When seasonal affective disorder (also known as seasonal depression) hits hard for those who are experiencing it, it is like a cold blast of air. However, there is more to this emotional disorder than just feeling down during the winter.
Depression that is triggered by the changing seasons is known as seasonal depression and seasonal affective disorder, also known as SAD. A person who suffers from seasonal depression usually experiences it during the fall when the days are shorter and darker, and they spend less time outside. During the winter months, seasonal depression can worsen and then resolve in the spring months, as it is a temporary condition.
According to research, around five percent of American adults suffer from seasonal depression at some point in their lives. A milder version of this condition commonly referred to as the winter blues affects a greater percentage of the population. The effects of seasonal depression on daily functioning are similar to those of other types of depression. You can get the support you need through a depression treatment program if you need it.
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Seasonal Depression: Recognizing the Signs
Many people who suffer from seasonal depression experience it during the fall and spring months, but there are also those who suffer from it throughout the summer months as well. One common thread that runs through seasonal depression is that the symptoms tend to occur and disappear around the same time each year. Despite the fact that there is no single cause of seasonal depression, most experts agree that it is caused by a combination of changes in sunlight and certain hormones and neurotransmitters that cause disruptions in the body’s circadian rhythm that are linked to the season.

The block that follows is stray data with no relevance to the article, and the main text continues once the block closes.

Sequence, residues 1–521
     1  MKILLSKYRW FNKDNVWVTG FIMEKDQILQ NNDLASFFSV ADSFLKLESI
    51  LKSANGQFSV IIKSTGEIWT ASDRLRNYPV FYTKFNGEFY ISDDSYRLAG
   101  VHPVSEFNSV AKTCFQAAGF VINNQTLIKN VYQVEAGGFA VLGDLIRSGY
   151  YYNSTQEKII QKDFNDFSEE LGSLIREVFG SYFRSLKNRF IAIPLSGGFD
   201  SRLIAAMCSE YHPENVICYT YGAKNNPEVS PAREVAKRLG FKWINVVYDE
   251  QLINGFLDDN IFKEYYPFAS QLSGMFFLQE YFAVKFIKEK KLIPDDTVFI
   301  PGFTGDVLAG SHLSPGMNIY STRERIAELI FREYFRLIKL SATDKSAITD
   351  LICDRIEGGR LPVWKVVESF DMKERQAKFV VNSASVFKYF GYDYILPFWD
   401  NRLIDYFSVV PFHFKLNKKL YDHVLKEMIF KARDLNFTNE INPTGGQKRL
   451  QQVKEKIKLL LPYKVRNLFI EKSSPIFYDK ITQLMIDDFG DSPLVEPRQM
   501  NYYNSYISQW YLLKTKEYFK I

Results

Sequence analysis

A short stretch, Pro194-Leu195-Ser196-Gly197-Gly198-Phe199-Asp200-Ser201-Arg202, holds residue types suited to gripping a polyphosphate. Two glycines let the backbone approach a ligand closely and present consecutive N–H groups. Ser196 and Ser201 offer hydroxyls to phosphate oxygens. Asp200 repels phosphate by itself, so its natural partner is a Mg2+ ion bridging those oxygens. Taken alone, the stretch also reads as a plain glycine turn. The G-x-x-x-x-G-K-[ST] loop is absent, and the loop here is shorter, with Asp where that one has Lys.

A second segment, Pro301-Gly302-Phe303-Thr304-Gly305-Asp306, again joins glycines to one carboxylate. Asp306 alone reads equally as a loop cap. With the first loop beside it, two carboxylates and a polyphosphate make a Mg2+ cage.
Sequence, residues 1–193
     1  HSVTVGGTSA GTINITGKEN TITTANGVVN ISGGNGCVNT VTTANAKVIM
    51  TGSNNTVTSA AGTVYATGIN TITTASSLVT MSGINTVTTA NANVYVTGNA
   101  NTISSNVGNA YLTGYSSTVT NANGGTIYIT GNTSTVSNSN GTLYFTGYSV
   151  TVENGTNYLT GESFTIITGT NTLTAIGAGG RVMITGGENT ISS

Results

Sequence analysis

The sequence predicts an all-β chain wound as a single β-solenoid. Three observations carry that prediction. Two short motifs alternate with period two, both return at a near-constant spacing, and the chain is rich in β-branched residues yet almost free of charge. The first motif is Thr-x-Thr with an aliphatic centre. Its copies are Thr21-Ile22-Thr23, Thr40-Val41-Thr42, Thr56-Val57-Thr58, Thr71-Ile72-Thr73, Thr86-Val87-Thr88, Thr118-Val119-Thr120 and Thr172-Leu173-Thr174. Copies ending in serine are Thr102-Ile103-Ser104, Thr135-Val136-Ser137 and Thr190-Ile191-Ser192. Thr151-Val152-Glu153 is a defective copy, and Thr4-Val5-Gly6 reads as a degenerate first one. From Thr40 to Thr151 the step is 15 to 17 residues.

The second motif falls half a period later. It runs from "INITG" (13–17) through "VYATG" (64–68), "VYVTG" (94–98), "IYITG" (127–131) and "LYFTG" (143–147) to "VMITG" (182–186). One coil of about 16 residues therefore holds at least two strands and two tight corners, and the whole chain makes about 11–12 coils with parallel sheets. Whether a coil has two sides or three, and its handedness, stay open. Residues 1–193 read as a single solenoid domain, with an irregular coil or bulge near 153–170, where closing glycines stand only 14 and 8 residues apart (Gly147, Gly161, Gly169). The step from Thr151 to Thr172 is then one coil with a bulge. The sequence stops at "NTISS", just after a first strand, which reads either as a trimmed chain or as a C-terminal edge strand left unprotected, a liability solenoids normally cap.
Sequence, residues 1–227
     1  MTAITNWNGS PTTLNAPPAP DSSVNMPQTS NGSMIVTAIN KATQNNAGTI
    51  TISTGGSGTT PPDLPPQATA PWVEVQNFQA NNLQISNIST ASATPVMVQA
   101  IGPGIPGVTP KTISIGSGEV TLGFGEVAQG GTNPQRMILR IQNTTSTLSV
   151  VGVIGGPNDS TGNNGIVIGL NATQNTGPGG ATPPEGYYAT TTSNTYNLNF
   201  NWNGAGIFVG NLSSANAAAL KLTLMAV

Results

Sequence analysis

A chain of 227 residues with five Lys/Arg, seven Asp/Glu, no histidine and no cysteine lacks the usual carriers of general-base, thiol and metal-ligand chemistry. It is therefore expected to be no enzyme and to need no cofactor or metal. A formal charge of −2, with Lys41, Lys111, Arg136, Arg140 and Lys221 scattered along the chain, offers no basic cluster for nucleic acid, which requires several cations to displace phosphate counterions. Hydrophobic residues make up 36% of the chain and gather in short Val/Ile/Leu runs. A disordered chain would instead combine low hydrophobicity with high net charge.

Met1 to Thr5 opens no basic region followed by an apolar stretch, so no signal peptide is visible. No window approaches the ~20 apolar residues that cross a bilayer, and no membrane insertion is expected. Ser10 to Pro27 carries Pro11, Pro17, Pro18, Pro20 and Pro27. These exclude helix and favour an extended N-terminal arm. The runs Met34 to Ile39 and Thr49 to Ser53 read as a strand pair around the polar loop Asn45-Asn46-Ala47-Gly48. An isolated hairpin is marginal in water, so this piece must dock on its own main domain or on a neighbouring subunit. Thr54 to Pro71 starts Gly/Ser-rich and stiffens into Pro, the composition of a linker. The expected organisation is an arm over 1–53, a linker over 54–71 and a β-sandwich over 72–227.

The important thing to keep in mind when discussing seasonal depression is that it is a form of depression that is different from the everyday sadness or fatigue that is brought on by the ups and downs of everyday life. There are several common signs of seasonal depression that you should be aware of:
- Feeling fatigued despite sleeping more than usual
- Arms and legs feel heavy
- Weight gain due to increased appetite, especially for carbohydrates
- Feelings of hopelessness, guilt, and despair
- Headaches and stomach problems are the most common physical aches and pains
- Withdrawal from social activities and loss of interest in previously enjoyed activities
- Anxiety, irritability, and difficulty focusing and thinking clearly
In the event that you are experiencing any of the symptoms of seasonal depression, it is important not to self-diagnose. In order to rule out any physical causes for your symptoms or a more serious underlying mental health disorder, you should speak with your healthcare provider. If you feel that you are suffering from seasonal depression, it would be best if you did not ignore the signs since they may only last for a portion of the year. Those few months can be enough time to cause significant consequences for relationships, employment, school, and your overall well-being.
Regardless of the time of year, if you think you might be suffering from depression, you should seek help as soon as possible. Despite the fact that you cannot stop the seasons from changing, there are things you can do to help alleviate your symptoms during this time of year. The benefits of regular exercise, healthy eating, following a regular sleep schedule, and avoiding drugs and alcohol are highly beneficial to your overall well-being. When you spend 20-30 minutes outside, especially on sunny days, you will be able to boost your vitamin D levels significantly. One of the best defenses against seasonal depression is to have a strong support network around you, so stay involved with your family and friends, as much as you may not feel like you want to. Furthermore, light therapy boxes or lamps are available almost everywhere, however, you should consult your doctor before using one of these devices.
It is not always possible to manage seasonal depression on your own. If you are suffering from depression, it is important to seek professional help as soon as possible. Seek immediate medical attention if your symptoms worsen or you begin to have suicidal thoughts as soon as possible.